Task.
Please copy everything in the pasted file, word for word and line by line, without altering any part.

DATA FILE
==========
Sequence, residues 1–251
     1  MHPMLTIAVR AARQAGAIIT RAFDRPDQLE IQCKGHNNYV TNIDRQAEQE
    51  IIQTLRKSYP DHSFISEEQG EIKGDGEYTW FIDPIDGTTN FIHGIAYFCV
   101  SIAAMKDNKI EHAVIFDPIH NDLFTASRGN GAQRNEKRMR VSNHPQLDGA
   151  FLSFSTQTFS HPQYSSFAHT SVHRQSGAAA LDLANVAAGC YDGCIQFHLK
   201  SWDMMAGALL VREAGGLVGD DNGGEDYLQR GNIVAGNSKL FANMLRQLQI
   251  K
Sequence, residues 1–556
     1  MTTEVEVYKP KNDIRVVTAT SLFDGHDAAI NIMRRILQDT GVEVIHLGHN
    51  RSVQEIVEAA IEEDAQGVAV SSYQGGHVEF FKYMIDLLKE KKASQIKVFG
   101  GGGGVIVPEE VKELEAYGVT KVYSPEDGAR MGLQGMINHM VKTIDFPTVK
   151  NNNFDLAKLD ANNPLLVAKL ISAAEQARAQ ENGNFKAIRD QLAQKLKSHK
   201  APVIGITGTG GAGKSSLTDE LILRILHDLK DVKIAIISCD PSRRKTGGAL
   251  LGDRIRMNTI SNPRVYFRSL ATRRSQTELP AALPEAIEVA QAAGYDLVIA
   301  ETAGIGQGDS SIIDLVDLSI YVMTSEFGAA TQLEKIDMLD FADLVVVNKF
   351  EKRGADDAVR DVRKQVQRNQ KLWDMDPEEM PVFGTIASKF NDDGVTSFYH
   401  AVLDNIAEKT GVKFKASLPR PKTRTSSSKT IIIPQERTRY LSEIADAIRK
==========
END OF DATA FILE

Sequence, residues 1–251
     1  MHPMLTIAVR AARQAGAIIT RAFDRPDQLE IQCKGHNNYV TNIDRQAEQE
    51  IIQTLRKSYP DHSFISEEQG EIKGDGEYTW FIDPIDGTTN FIHGIAYFCV
   101  SIAAMKDNKI EHAVIFDPIH NDLFTASRGN GAQRNEKRMR VSNHPQLDGA
   151  FLSFSTQTFS HPQYSSFAHT SVHRQSGAAA LDLANVAAGC YDGCIQFHLK
   201  SWDMMAGALL VREAGGLVGD DNGGEDYLQR GNIVAGNSKL FANMLRQLQI
   251  K
Sequence, residues 1–556
     1  MTTEVEVYKP KNDIRVVTAT SLFDGHDAAI NIMRRILQDT GVEVIHLGHN
    51  RSVQEIVEAA IEEDAQGVAV SSYQGGHVEF FKYMIDLLKE KKASQIKVFG
   101  GGGGVIVPEE VKELEAYGVT KVYSPEDGAR MGLQGMINHM VKTIDFPTVK
   151  NNNFDLAKLD ANNPLLVAKL ISAAEQARAQ ENGNFKAIRD QLAQKLKSHK
   201  APVIGITGTG GAGKSSLTDE LILRILHDLK DVKIAIISCD PSRRKTGGAL
   251  LGDRIRMNTI SNPRVYFRSL ATRRSQTELP AALPEAIEVA QAAGYDLVIA
   301  ETAGIGQGDS SIIDLVDLSI YVMTSEFGAA TQLEKIDMLD FADLVVVNKF
   351  EKRGADDAVR DVRKQVQRNQ KLWDMDPEEM PVFGTIASKF NDDGVTSFYH
   401  AVLDNIAEKT GVKFKASLPR PKTRTSSSKT IIIPQERTRY LSEIADAIRK